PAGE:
Magazine article Computers in Libraries

Mac's Hot Fudge Sundae: FullWrite Professional

Magazine article Computers in Libraries

Mac's Hot Fudge Sundae: FullWrite Professional

Article excerpt

Harriett Johnson is an adjunct laboratory instructor at Hartwick College, and Richard Johnson is the director of libraries, State University College, Oneonta, New York.

Vanilla ice cream is a great old standby. You seldom tire of its classic flavor, but if you want to splurge you order a hot fudge sundae-ice cream, hot fudge sauce, whipped cream, and a maraschino cherry on top.

So it is with word processors for the Macintosh(R) computer. MacWrite(R) is like vanilla ice cream--classic and simple. Besides that, it is easy to learn and easy to use. Coupled with a page make-up program, like PageMaker.sup.TM, it can play a part in preparing handsome and complex publications. But it does have its limits; and when you want to compose a document with special features-for example, three columns to a page or a picture integrated into the text-you turn to more sophisticated word processing programs. Three such programs are Microsoft(R) Word, WordPcrfect.sup.TM and FullWrite Professional..sup.TM

FullWrite Professional

FullWrite Professional is the "newest kid on the block." Long awaited, this word processor was created by Ann Arbor Softworks, Inc., publisher of FullPaint.sup.TM, an enhanced version of MacPaint(R). Ann Arbor Softworks was acquired by AshtonTate Corporation, which finally published FullWrite Professional in 1988.

With its many special enhancements, FullWrite Professional might be termed a hot fudge sundae for the Mac. And naturally it costs more than the plain MacWrite. It has another price, too. FullWrite Professional, if it is to perfrom effectively, makes special demands upon the Macintosh. Memory requirements are high. If your Macintosh has only one megabyte of RAM, you must proceed with care in using the program. The Learning Guide, which is furnished with it, provides numerous tips on the introductory pages: limiting document size, caution in using large font sizes, and discretion when using MultiFinder.sup.TM or certain desk accessories and INIT files.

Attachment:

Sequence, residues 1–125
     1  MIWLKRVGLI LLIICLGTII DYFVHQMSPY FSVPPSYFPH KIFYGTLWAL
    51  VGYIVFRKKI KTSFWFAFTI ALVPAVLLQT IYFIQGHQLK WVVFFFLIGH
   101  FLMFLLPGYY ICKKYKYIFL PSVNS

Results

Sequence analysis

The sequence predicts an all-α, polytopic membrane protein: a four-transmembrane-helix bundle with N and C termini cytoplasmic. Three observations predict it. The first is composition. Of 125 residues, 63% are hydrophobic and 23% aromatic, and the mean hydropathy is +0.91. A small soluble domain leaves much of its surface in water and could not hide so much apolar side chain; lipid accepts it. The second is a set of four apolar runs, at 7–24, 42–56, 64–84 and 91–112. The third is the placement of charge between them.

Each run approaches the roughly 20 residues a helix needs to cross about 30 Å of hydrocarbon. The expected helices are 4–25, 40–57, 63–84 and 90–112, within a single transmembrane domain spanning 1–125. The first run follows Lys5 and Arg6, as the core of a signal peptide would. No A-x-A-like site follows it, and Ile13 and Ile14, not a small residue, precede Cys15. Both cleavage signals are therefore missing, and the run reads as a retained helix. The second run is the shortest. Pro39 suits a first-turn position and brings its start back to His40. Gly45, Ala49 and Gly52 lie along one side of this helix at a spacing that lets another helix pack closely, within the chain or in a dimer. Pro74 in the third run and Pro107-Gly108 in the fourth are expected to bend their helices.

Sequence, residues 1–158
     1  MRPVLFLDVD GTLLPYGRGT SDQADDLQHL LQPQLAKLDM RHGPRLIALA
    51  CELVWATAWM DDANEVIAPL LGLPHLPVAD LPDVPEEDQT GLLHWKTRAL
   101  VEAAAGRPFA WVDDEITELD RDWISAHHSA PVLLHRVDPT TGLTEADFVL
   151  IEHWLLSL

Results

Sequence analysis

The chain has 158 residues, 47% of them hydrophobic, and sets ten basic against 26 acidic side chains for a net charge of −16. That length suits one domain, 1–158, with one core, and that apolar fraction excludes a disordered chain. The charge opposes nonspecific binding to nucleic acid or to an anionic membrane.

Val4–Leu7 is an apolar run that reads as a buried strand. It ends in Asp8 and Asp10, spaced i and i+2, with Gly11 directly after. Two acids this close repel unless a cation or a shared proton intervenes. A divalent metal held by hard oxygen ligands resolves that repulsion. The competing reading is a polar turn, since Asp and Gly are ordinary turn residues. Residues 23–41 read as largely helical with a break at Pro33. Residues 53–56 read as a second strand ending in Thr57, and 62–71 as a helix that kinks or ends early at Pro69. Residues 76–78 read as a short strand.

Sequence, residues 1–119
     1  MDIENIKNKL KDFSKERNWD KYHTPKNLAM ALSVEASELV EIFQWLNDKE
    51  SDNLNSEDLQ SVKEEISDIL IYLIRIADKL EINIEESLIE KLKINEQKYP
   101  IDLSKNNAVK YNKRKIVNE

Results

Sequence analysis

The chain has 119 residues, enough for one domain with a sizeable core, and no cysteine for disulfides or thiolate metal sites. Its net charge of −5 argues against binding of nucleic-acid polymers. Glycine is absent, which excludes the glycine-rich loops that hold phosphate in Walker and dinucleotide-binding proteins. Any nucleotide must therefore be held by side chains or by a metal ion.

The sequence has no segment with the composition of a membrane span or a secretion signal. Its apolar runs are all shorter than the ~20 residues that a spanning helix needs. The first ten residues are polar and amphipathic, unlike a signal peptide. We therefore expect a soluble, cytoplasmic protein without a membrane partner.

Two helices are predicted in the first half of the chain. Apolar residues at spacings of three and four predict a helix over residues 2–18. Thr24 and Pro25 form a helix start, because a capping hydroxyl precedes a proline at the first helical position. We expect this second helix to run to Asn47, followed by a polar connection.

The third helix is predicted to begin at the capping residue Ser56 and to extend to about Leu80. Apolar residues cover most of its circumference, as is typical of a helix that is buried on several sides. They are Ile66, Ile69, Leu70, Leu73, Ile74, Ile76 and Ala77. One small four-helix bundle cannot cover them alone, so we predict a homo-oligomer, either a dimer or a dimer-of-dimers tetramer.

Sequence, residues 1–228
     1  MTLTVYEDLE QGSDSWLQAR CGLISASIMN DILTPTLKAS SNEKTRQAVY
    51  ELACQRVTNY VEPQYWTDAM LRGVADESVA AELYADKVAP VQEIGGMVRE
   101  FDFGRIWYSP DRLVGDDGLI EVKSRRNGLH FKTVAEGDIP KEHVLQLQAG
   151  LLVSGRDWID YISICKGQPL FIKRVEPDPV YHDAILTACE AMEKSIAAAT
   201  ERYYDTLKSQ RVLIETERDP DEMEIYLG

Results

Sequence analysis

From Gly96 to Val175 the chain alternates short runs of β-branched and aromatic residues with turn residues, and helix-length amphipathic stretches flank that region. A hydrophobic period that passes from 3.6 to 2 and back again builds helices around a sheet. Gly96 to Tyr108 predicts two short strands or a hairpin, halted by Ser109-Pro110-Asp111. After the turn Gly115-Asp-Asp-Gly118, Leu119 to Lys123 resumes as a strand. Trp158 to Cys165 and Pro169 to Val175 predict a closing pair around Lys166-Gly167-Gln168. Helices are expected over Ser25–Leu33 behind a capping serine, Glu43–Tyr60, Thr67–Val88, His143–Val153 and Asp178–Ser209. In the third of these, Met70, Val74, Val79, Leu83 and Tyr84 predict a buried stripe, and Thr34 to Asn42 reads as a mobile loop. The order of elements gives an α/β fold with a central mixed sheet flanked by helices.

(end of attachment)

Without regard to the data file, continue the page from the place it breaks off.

If you follow these warnings or have a Macintosh with requisite memory and power, then FullWrite Professional can perform at its best. The program includes many elements now considered standard-outlining, provision for notes, search and change functions, a speller, and a thesaurus. It easily handles multiple columns on a page. Like other word processors, it can import pictures, but as a novel attribute it also includes a separate component for creation of obj ect-oriented graphics. A graphic, either imported or created in the program, can be placed in the document with text flowing around it.

Using FullWrite Professional

At the Jeffrey Star Library, Bruce Campbell, acquisitions librarian, likes to show off what FullWrite Professional can do as a word processor. Using it to prepare a new manualfor his departmen% he particularly likes the way he can easily highlight through lines in the left margin the changes made in successive drafts.

A recent document prepared by Bruce illustrates a few of FullWrite Professional's special capabilities. Bruce chairs the committed planning the staff's winter "picnic" at the college's reservation, a recreation area with lodge, pond, and ski trails, a few miles from campus. His announcement for "Snow Saturday" shows how FullWrite Professional can serve both as a word processor and a page make-up program.

The Basic Screen

Figure 1 shows the basic screen display for the program with text for the announcement. Many features seem quite familiar. Bruce inputs text simply in 12 point Geneva, the default font-a typeface easy to read on the screen. The program organizes a document into a series of one or more "chapters." Bruce's announcement is short so it will be considered one chapter. (Chapter 1 is automatically provided in the first ruler.) The second ruler has been inserted to provide for paragraph indentation as well as any needed tab stops. …

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